Sunday, February 19, 2017

Vowel Mouthed

One of the few street signs.
Say that fast 3 times!
We are starting to know our way around much better now that we've been here a while so I decided to start learning some of the names of the roads from the map like, Hala Aviavahamama'o - (Aviavamama'o road) one of the main roads I use to get around Nuku'alofa).  I thought this might help me as a referenc point from time to time.  As I was explaining this to one of the locals who works here on Liahona campus he said, "You already know more road names than I do, we don't use them here".

We received a text message today from an elder with 8 vowels in his last name (7 A's and one U).  He is on one of the outer islands and was sent some meds 2 1/2 weeks ago.  He told us they just arrived today.  He is doing well so no worries but we have to find a better way to serve them in the future.

We had a very spiritually uplifting week.  So many times we ended up exactly where we needed to be  at exactly the right time.  We noticed this as we started our inspections of MQ's (missionary Quarters).  We have an area that takes in about 9 MQ's we are now responsible for inspecting for cleanliness.  It's great since it gives us a chance to make sure they are maintaining a healthy environment as well as getting to know them better.   We have some Blow-pops and Jelly-bellys for those who keep the MQ's clean.  Most of them do surprisingly well but there are a few that need more training.

We think we get the best of both worlds, we get to interact with many of the locals as we go the meetinghouses to look for opportunities to improve Technology self-reliance as well as meet all of the young missionaries and feel of their wonderful spirit.  There are some great young men and women serving here in Tonga.  They all seem to be trying so hard to stay close to the Spirit.

We also had the opportunity to team teach the Gospel Doctrine class this week.  It is a bit challenging for me to understand all of the different english dialects coming at me ... New Zealand, Tongan, England, Spanish Fork, etc.  Becky helps keep me on track if I mishear or don't understand someone.  I am really enjoying being with her pretty much 24x7, and at least to this point she hasn't voted me off the island.

I wish I had photos of our experience this week as we assisted one of the couples on a welfare mission.  They had set-up a diabetic screening clinic for one of the wards.  It took us about 2 hours to do the screenings and when we finished and went out to our car, the locals opened our back seat doors and literally filled it with fruit.  Papaya, watermelon, coconut, pineapple, apples, and oranges.  We had to give most of it away to other senior missionary couples so it wouldn't go bad.  It was all delicious!!

One of the few times since we've been here that Becky and I had a scheduling conflict sent me about 15k west to Malapo.  They had a computer issue we've been working through with them and I set up a time to meet the ward clerk after he got off work.

Viliam, Evani and Ien.
The best 9-10 year old friends Blow-pops can buy.
I got there a few minutes early (surprise) and was greeted by three boys (around 9-10 years old) running through the unlocked rooms and playing with the chairs.  I signaled to them with a gentle no nod of my head and they immediately stopped.  As I stood there waiting outside buy the clerks door, one of the boy brought me a chair and signaled me to sit.  I appreciated the gesture so I did.  He immediately got three more chairs and all three boys sat with me.  One on one side and two on the other.  As I tried to make conversation with them using the broken Tongan I do know, they just looked at me like, "what planet are you from"?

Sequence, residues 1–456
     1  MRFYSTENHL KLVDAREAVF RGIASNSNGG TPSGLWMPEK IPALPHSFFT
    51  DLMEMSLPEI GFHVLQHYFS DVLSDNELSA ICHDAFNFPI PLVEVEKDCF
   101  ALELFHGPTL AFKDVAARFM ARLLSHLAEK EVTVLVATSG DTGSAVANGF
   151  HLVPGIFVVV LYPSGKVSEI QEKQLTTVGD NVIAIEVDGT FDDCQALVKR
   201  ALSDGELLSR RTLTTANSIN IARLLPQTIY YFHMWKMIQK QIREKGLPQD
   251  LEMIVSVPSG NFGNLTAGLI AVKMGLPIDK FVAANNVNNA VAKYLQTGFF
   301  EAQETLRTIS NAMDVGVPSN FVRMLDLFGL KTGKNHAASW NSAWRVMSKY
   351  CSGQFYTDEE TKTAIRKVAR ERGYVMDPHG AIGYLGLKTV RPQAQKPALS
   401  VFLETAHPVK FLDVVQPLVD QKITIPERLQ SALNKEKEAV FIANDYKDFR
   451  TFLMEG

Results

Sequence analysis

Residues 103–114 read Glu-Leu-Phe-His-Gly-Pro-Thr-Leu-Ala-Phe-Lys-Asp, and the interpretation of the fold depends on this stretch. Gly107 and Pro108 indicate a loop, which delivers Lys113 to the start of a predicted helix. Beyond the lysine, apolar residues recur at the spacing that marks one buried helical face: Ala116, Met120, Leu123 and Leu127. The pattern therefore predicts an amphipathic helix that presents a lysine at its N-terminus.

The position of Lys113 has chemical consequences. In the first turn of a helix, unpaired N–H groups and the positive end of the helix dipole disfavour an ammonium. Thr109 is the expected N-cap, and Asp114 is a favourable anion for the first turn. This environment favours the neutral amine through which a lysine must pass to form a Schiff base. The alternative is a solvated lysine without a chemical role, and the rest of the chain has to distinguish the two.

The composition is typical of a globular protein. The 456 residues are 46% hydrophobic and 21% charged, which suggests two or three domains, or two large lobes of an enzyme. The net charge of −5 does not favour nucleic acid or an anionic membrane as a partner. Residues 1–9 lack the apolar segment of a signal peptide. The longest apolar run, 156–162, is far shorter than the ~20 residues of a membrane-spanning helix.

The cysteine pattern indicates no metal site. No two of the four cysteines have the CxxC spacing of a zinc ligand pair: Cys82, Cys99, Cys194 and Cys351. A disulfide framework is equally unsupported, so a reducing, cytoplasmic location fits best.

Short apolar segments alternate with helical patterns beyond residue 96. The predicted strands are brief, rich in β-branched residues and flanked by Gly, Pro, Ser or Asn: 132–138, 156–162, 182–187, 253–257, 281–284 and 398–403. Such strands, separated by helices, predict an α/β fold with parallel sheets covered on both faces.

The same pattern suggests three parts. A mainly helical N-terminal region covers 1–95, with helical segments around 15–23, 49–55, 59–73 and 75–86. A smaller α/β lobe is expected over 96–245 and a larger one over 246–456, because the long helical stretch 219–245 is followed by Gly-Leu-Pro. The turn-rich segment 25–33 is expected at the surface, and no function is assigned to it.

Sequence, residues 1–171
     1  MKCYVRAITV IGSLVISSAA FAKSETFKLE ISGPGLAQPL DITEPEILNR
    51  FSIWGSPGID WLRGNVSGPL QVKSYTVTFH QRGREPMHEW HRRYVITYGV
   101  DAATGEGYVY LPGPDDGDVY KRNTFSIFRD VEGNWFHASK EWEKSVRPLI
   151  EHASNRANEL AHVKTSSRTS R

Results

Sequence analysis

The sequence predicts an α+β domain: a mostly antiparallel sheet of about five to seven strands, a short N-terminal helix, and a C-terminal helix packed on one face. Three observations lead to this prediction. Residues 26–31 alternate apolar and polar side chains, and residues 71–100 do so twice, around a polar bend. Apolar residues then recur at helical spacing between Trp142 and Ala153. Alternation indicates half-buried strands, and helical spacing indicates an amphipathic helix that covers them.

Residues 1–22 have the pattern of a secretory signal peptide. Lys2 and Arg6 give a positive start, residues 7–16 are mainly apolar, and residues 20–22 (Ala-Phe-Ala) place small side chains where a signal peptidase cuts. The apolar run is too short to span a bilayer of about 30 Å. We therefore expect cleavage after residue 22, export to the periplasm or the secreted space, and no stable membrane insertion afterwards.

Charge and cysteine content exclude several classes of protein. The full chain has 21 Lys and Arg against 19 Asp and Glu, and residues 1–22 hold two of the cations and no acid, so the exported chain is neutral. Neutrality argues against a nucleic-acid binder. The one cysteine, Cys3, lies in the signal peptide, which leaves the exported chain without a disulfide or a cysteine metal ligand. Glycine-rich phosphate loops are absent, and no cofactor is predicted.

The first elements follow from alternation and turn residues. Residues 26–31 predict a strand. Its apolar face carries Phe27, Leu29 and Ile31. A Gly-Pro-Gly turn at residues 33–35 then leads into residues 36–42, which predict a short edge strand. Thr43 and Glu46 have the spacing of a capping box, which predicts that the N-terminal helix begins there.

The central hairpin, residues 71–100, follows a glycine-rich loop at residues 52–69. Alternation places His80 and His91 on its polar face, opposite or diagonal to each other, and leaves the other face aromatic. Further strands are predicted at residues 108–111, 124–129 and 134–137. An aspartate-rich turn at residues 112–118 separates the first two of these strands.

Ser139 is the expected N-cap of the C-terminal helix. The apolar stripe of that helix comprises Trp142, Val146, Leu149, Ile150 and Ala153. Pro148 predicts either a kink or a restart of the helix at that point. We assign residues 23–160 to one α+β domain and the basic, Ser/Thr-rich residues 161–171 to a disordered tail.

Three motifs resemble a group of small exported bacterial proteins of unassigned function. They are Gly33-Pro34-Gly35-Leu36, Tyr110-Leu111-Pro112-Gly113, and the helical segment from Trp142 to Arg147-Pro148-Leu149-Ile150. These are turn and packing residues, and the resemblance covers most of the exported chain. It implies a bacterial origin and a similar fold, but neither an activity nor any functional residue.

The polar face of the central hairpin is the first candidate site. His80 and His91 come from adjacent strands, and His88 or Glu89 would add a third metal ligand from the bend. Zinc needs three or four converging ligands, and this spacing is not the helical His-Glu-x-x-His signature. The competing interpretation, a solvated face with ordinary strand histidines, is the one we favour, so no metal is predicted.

I think they got a kick out of my effort so I decided to get them each a Blow-pop out of the car.  Of course, they seemed to really like that and sat there quietly eating the suckers.  One of them saw my phone and wanted to see photos of "Amelika".  I started looking but found I mostly had pictures of a parade (clowns and floats) and some of wildlife in Alaska.  I hope I didn't skew their view of "Amelika" too much!

We  have had so many "chance" encounters with people who either had connections in Utah or a need for something we just happened to have.  It is really out of character for either of us to stop and introduce ourselves to others but Sister Kapp made friends with Sister "K" (below) waving through a fence.  By the time we got around the end of the fence and actually met her it seemed like Sister "K" and Sister Kapp were long lost friends.

We had a great experience with Elder Renlund which I'll post in a separate blog next.  We love you and miss you.  Thanks for the kind thoughts prayers offered in our behalf!

Elder Hutchinson and Elder Faleao from Brigham city and  Provo respectively.
Elder Hutchinson or "Hutch" (6'5") played basketball for Casey Blacker's
sophomore team at Box Elder a few years ago and knows Casey and Sadie well.  
Another just by chance meeting - Ola Vaitai - piano teacher at Liahona, she is
looking for some simple arrangements of Jani's music for her students to learn.
Sister "K" - Naasipa Kalonihea... I wonder why they called her Sister "K"?
Just by chance we ran into this young lady who we found out served with
Dusty in Oregon.  She told us how much she loved serving with Elder Clark.
Hospital Radiology waiting room (covered but outside)
Saturday morning just before opening at 9:00 am


  1. Replies
    1. Tell Casey he is a celeb to Elder Hutchinson. He has such high praise for Casey's coaching ability.

  2. We love your blog and your smiling faces! Our prayers are with you.